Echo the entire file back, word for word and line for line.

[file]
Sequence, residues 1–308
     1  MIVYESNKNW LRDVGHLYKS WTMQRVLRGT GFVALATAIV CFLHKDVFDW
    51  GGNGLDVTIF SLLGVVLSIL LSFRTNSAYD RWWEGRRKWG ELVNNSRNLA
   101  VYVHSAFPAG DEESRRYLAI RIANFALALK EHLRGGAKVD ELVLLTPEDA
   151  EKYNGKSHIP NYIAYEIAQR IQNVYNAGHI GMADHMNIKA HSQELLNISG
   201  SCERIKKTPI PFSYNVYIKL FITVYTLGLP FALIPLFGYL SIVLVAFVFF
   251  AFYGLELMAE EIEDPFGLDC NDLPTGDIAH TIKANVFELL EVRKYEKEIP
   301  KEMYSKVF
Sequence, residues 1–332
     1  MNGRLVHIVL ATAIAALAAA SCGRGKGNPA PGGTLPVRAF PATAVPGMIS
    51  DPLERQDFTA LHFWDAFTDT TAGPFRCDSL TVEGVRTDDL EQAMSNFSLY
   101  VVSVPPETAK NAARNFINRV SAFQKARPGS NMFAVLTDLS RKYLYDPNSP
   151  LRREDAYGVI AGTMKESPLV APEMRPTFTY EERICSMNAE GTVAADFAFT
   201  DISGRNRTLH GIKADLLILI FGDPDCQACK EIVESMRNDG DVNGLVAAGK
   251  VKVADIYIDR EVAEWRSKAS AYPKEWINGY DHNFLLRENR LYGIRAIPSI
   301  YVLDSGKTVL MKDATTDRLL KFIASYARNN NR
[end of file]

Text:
Sequence, residues 1–308
     1  MIVYESNKNW LRDVGHLYKS WTMQRVLRGT GFVALATAIV CFLHKDVFDW
    51  GGNGLDVTIF SLLGVVLSIL LSFRTNSAYD RWWEGRRKWG ELVNNSRNLA
   101  VYVHSAFPAG DEESRRYLAI RIANFALALK EHLRGGAKVD ELVLLTPEDA
   151  EKYNGKSHIP NYIAYEIAQR IQNVYNAGHI GMADHMNIKA HSQELLNISG
   201  SCERIKKTPI PFSYNVYIKL FITVYTLGLP FALIPLFGYL SIVLVAFVFF
   251  AFYGLELMAE EIEDPFGLDC NDLPTGDIAH TIKANVFELL EVRKYEKEIP
   301  KEMYSKVF
Sequence, residues 1–332
     1  MNGRLVHIVL ATAIAALAAA SCGRGKGNPA PGGTLPVRAF PATAVPGMIS
    51  DPLERQDFTA LHFWDAFTDT TAGPFRCDSL TVEGVRTDDL EQAMSNFSLY
   101  VVSVPPETAK NAARNFINRV SAFQKARPGS NMFAVLTDLS RKYLYDPNSP
   151  LRREDAYGVI AGTMKESPLV APEMRPTFTY EERICSMNAE GTVAADFAFT
   201  DISGRNRTLH GIKADLLILI FGDPDCQACK EIVESMRNDG DVNGLVAAGK
   251  VKVADIYIDR EVAEWRSKAS AYPKEWINGY DHNFLLRENR LYGIRAIPSI
   301  YVLDSGKTVL MKDATTDRLL KFIASYARNN NR